What potentials are there in purchasing?
Potentials in purchasing can refer to many different contexts. Reference is to cost savings, for example, when speaking about savings. These could be potential reduction of purchase prices from which cost savings could result, or cost savings that are deduced from process improvement potentials (e.g. automation through e-Procurement systems). Clustering potentials or potentials through standardization or specification changes as well are included just like possible changes in suppliers or the transfer of spend to more cost-effective countries or regions.
The term potential, however, suggests that the savings and efficiency potentials are only possible cost savings, and not savings that have already been realized.
A systematization of potentials in purchasing is most likely successful when one bears in mind the typification of purchase successes and cost savings in purchasing. Some of the potentials affect direct cost reductions, other cost avoidances or improved liquidity in purchasing.
A further classification of potentials can be used when the market-standard logics are examined for value levers. For example, the A.T. Kearney management consultants with their purchasing dashboard, offers a system of 64 (some of which are redundant) levels with which the efficiency and effectiveness in purchasing can be increased. Behind every lever there are hidden potentials (that A.T. Kearney only names in part) that need to be brought to light.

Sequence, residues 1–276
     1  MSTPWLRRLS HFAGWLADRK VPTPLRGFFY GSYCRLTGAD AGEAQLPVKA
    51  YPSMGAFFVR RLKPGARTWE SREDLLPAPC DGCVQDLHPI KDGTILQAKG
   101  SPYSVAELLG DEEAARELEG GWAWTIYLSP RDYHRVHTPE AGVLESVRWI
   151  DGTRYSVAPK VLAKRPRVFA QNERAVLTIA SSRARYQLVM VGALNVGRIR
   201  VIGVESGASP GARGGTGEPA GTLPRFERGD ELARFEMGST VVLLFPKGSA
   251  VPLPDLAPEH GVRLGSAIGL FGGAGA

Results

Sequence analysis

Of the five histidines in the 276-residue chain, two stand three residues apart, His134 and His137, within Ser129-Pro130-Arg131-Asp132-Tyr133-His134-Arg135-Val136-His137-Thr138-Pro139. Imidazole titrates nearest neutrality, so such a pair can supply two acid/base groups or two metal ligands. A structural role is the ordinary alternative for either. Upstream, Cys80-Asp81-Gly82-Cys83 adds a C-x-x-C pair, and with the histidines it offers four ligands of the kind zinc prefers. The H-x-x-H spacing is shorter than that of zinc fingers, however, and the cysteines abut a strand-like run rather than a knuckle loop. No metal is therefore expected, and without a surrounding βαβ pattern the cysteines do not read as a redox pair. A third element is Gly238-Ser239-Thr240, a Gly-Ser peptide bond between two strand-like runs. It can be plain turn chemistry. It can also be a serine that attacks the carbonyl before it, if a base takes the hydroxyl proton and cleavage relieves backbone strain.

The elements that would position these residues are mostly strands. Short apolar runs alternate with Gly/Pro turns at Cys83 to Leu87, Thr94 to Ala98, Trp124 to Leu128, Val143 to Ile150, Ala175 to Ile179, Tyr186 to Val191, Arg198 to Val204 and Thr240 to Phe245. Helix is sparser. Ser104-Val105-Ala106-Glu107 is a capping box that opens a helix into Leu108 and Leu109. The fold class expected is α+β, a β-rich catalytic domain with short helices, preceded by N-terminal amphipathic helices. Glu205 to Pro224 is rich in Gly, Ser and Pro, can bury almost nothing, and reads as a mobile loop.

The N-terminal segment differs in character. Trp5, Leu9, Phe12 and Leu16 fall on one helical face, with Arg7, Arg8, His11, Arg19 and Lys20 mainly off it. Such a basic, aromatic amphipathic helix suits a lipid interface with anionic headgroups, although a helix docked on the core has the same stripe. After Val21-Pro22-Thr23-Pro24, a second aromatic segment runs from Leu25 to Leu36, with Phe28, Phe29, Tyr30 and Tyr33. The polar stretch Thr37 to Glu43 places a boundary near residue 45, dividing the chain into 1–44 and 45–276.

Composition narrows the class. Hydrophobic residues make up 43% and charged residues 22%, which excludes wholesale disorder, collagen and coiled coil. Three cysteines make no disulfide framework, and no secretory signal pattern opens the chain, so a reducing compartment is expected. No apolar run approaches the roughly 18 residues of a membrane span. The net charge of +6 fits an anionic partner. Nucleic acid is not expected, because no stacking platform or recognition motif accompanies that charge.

A different approach to recognizing potentials for cost savings semi-automatically is offered by Orpheus with their SavingsFinder concept. Here, data-driven Big Data analyses attempt to recognize anomalies, deviations and inefficiencies in the purchasing data. From these, the system then calculates potentials or suggests recalculations, which are analyzed in more detail by experienced purchasing experts. The objective is to transfer approx. 10%-20% of the potentials into real cost savings in terms of cost reductions or liquidity savings (see Orpheus SavingsFinder).
In general, there is a trend to replace expensive management and purchasing consultants with software, at least for the simple, data-based potentials analyses. This trend also operates as “automation of consultation.” The software-supported se of modern KI methods has the advantage that the potentials analysis knowledge cast in software can be applied faster and cheaper than the consultant, and can be repeated any number of times.
With its standardized ERP interfaces you can connect the spend cube of SpendControl within a short time frame to any ERP system (e.g. SAP, Navision, Oracle etc.).
Read blog articles about spend management, initiative management and data management in procurement, or other articles from our experts.